How do you feel about mentoring? Have you had a mentor and/or been a mentor during your academic career?

Mentoring is very critical for graduate students and young faculty. I have, unfortunately, not really had a mentor and clearly did not realize the importance of one. I feel that mentoring is much more important for research than for teaching. I was fortunate to join a department of good teachers. I was also comfortable enough with senior faculty members that I could approach them with issues and concerns. In terms of research, my current department did not have senior faculty in political science and because my research interests were different from my dissertation advisor, I was pretty much on my own. Frankly, if I had understood the importance of a mentor then I would have kept in touch with my committee members and sought their support, but it took me many years to realize how important a mentor can be, especially for international students who join PhD programs. It has taken me a long time to learn some of the basics, like trying to get joint publications with your professor, even if the research topic is your idea. It will teach you the ropes of publishing and give your more confidence to do it on your own. I have also learned that you should join different caucuses at major or minor conferences in the field and volunteer to be a part of the organizing committee. It helps you get to know people in the field, find mentors and a community. This is also how you get invited to do book chapters and write for special editions of journals.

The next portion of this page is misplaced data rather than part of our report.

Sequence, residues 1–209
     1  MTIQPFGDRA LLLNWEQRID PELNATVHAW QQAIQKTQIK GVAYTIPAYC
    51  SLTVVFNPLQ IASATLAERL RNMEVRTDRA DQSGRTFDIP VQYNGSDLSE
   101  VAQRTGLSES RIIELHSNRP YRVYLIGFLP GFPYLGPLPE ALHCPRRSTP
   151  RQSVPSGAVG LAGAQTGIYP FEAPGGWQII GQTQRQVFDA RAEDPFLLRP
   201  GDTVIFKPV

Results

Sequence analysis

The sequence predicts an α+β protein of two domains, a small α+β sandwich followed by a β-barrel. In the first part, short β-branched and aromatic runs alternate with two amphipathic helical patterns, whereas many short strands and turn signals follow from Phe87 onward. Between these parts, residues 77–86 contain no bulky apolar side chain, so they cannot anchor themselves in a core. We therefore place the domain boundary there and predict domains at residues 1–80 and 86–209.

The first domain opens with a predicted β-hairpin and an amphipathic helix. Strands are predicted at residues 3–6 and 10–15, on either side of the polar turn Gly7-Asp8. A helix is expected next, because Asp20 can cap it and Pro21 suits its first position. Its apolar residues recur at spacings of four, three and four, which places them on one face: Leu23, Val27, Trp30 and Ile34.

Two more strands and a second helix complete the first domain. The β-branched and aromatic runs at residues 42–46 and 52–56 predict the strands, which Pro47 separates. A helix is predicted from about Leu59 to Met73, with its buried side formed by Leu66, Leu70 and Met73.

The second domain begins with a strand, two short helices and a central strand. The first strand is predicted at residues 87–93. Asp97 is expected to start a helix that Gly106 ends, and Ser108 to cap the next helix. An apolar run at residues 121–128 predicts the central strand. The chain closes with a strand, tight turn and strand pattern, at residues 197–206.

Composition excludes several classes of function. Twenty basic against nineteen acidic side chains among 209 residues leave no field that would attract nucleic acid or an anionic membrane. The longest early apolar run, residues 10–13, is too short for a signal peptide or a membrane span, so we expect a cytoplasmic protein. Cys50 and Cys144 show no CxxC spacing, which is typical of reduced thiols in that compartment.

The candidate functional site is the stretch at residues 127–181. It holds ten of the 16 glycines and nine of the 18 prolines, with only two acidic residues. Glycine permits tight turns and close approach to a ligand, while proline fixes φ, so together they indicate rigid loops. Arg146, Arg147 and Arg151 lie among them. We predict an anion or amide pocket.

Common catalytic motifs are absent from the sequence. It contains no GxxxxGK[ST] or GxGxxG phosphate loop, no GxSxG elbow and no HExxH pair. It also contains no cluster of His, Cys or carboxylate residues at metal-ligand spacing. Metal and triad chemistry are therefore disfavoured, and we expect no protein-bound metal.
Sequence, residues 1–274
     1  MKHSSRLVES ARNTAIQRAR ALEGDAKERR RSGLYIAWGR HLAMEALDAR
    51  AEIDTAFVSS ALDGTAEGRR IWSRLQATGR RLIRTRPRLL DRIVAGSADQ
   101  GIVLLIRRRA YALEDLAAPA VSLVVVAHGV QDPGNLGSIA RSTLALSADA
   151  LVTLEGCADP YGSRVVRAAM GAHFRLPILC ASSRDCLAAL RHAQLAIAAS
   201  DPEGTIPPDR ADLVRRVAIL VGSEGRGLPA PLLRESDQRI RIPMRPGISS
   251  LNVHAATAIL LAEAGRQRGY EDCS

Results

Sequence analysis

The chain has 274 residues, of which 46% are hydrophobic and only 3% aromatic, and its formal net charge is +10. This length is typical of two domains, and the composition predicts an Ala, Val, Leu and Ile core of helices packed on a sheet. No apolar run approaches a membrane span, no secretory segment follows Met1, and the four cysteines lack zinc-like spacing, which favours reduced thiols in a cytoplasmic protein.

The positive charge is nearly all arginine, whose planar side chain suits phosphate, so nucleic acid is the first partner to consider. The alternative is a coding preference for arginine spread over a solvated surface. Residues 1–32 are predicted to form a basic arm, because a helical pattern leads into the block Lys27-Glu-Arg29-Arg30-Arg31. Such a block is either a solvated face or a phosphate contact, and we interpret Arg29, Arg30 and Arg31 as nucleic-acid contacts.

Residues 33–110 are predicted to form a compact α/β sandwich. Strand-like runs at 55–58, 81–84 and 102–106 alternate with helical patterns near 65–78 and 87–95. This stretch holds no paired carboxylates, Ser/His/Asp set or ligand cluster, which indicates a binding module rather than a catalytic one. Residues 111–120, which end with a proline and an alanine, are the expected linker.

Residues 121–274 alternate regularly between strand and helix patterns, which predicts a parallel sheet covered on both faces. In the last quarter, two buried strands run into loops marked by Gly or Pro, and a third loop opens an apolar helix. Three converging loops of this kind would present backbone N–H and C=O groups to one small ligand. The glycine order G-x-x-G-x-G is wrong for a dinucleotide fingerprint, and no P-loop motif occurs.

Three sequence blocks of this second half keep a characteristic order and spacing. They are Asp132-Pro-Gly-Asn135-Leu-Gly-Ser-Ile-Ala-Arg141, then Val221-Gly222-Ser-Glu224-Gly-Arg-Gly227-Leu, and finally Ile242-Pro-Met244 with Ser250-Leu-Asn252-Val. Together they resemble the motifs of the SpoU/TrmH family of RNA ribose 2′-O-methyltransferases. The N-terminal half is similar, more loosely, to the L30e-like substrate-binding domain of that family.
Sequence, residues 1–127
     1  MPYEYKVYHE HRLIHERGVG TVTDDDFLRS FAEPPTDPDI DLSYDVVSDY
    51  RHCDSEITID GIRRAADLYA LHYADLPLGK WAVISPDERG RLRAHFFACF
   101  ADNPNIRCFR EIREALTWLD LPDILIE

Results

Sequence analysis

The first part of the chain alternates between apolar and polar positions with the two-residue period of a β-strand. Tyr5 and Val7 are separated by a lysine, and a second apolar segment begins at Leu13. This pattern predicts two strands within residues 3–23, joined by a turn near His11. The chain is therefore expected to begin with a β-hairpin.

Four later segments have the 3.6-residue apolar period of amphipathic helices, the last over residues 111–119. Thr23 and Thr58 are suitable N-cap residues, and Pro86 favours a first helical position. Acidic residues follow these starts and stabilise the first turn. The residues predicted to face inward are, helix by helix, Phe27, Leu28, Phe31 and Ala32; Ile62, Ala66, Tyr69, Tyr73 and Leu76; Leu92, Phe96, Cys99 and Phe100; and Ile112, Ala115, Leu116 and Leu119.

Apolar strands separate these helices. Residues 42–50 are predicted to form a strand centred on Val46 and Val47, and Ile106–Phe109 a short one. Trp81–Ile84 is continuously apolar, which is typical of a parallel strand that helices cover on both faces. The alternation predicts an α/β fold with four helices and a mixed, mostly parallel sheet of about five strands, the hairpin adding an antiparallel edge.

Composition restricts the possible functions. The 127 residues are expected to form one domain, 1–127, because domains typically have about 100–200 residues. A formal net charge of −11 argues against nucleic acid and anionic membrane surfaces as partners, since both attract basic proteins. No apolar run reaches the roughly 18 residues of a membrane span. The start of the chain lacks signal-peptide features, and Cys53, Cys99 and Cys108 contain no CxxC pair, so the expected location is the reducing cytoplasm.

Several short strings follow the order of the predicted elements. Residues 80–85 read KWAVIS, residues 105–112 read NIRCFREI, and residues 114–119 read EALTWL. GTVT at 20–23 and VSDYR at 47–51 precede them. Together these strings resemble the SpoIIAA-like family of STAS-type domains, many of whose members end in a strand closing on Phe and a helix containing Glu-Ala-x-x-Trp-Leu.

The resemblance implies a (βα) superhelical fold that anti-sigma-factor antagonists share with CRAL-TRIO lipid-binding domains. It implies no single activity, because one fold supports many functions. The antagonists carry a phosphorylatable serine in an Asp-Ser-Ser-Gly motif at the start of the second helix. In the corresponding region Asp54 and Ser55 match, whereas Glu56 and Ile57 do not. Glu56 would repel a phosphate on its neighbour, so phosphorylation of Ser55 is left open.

What advice would you give to young women going into academia today?

Before you get into academia, really think about what you want out of life. Your career gets delayed by at least 5-10 years compared to those in other fields. Plan your life accordingly. You should also find a mentor, ideally a female. You should also work to create a support community of others in the field. And finally, work with your professors on joint publications before graduating and going on the job market.

What do you do for fun – to get away from work and gain “balance” in life?

I have a nice group of friends that I meet with on a regular basis. We go out for dinner, drinks, plays and concerts. There was a brief period where I did not have any close friends. I had to make a special effort to change that situation. I identified a few of the women that I had met and whose company I enjoyed and asked them to meet for lunch or coffee. Since then I have introduced them to each other and we meet regularly either one on one or do a girls’ night out. I feel that my friends keep me grounded and we remind each other to have fun.

Dr. Jyotika Saksena is Associate Professor and Graduate Program Director in International Relations in the Department of History and Political Science at the University of Indianapolis.